Back before my dad spent two weeks in-and-out of the hospital, having an ultrasound, an MRI and four endoscopic procedures, I wrote about how I built a raised bed garden frame all by my very lonesome. Well, Owen offered moral support, but mostly it was all by my very lonesome.
Now comes the part about how I made the frame into an actual garden.
First, I went to Lowe’s and used our military discount to buy starter plants. Since I went in early June, the pickin’s were kinda slim, so I mostly ended up with peppers. Red, yellow, orange and hot banana peppers, to be exact. For variety I added two zucchini plants, even though I have heard stories about how they consume everything in their path. I suspect they’ll make short work of my tiny 4×4 plot, but nothing ventured, nothing gained!
I also had several container tomato plants and some herbs.
Owen helped me pick out the location by scouting the sunniest spot in the yard.
After I moved Owen, I placed the frame where I wanted it, marked it off, moved it back out of the way, and started digging. I wanted to be sure the soil beneath was loosened up so the roots could grow down as well as out.
The ground was hard-packed, full of rocks and tree roots, and it was slow work. After about twenty minutes of jumping up and down on the shovel and shaking out grass clumps, all I had was this:
Never terribly patient, I decided to enlist the help of a professional digger.
Not even kidding. I called the dog over, pointed him in the right direction and instructed, “Dig, Owie!” He tentatively scooped with one paw and looked up at me questioningly. When I said, “Yes! Good boy!” he went into high-speed Rototiller mode. Dirt flying, Paws of Lightning dug down about eight inches right quick.
I stopped him only to move him to the next corner.
Go Paws of Lightning, go!
I freaking love that dog.
Once we were dug down eight inches all around the square (can you be “around” in a square?), I filled it back in with loose soil. I used a completely random mixture of “native soil”, bagged garden soil from Lowe’s and composted manure that my neighbors had delivered by the truckful and were kind enough to share with me. I think my ratio was, ten shovelfuls of native soil-to-a dumped-in amount of garden soil-to-a few shovelfuls of manure.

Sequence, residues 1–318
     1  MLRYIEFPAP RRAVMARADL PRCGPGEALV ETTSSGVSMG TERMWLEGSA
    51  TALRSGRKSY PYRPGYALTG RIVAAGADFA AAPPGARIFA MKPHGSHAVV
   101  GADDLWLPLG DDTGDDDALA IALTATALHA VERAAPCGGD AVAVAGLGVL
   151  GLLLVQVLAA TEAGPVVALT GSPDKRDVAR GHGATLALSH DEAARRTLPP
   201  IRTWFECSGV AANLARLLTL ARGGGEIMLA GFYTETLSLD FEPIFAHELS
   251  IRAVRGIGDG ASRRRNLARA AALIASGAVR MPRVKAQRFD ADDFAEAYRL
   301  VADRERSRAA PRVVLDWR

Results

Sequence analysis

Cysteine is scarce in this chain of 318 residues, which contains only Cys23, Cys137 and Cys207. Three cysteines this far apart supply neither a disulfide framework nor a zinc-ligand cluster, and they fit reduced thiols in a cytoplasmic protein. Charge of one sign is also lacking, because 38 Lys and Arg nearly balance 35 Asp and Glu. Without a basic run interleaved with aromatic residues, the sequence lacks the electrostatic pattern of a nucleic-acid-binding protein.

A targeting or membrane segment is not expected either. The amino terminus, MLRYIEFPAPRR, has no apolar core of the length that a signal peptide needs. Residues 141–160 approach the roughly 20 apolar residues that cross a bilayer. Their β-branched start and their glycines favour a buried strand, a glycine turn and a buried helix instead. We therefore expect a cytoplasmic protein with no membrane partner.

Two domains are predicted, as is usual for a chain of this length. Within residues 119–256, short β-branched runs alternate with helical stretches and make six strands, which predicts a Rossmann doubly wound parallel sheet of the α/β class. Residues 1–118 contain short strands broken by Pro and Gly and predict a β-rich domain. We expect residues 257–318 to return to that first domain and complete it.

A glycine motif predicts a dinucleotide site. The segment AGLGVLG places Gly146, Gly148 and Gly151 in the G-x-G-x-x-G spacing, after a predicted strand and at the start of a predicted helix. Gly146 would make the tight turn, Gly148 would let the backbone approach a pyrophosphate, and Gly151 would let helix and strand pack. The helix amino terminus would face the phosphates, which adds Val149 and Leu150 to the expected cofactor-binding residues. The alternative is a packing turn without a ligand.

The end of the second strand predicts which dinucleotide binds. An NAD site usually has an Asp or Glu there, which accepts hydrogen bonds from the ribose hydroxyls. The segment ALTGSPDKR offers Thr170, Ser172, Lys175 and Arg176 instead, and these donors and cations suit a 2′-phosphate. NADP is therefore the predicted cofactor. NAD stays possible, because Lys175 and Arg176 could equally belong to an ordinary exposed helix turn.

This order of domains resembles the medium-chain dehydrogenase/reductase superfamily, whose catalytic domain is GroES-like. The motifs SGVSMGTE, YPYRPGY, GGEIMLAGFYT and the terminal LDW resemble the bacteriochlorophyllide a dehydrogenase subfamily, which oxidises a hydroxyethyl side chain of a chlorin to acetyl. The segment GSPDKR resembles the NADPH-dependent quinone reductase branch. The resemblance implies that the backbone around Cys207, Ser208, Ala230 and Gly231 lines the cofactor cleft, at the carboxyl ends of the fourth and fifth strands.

I mixed it up as well as I could with my cool little rake from Lowes and brought it up to ground level.
Time to place the frame on! I discovered at this point that I needed to widen the square just a smidge on one side so that the frame would sit evenly. Then, because I am incredibly anal retentive, I made sure the frame was level on all four sides and packed it in securely from the outside.
Well, close enough for jazz.
I used the same(ish) soil ratio to fill the frame until it was about an inch from the top.
Next, I placed my plants approximately where I wanted them, ignoring the instructions to “place 18″ apart”. If I “placed 18″ apart” I would have had about four plants in my 4×4 garden. Instead I spaced about 10″ apart.
Gardening is hard work. Snack break!
Sorry about the oogy bite marks but I was too hungry to wait to take the picture.
There’s not much left to tell. I peeled the bottom of my peat pots and sunk the plants according to instruction.
Cute wheelbarrow, eh? I love my little barrow.
I planted the tomato plants in the container (and one in the left corner of the bed), put some some cat grass seed in the colored pots and watered everything.
The cool part is that the garden is already feeding our family. Owen likes to eat the composted manure chunks out of it. Which is pretty gross but, to his credit, he hasn’t once tried to dig in the garden since he helped create it.
Gratuitous artsy-looking plant photo:
Oh yeah, and I can’t forget the herbs! I planted those in a window planter right outside our door. Easy access when cooking!
Parsley, basil, dill, thyme and rosemary. Plus sage, chives and oregano that I didn’t have room for and stuffed down along the sides of the raised bed garden. Along with the marjoram I got from my farm share.
So it’s a little crowded in there. But, it’s been a month and everything seems to be doing well so far.
Especially the zucchini.